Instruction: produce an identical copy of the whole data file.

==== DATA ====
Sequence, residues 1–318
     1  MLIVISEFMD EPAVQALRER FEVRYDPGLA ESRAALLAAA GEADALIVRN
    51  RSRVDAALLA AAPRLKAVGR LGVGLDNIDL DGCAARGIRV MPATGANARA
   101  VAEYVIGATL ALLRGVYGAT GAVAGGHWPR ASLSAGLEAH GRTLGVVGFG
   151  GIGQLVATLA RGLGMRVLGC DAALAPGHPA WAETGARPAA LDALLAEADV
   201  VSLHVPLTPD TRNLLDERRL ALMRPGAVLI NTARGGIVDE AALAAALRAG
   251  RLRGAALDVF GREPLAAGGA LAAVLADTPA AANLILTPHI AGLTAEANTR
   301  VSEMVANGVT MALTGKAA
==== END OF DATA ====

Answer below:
Sequence, residues 1–318
     1  MLIVISEFMD EPAVQALRER FEVRYDPGLA ESRAALLAAA GEADALIVRN
    51  RSRVDAALLA AAPRLKAVGR LGVGLDNIDL DGCAARGIRV MPATGANARA
   101  VAEYVIGATL ALLRGVYGAT GAVAGGHWPR ASLSAGLEAH GRTLGVVGFG
   151  GIGQLVATLA RGLGMRVLGC DAALAPGHPA WAETGARPAA LDALLAEADV
   201  VSLHVPLTPD TRNLLDERRL ALMRPGAVLI NTARGGIVDE AALAAALRAG
   251  RLRGAALDVF GREPLAAGGA LAAVLADTPA AANLILTPHI AGLTAEANTR
   301  VSEMVANGVT MALTGKAA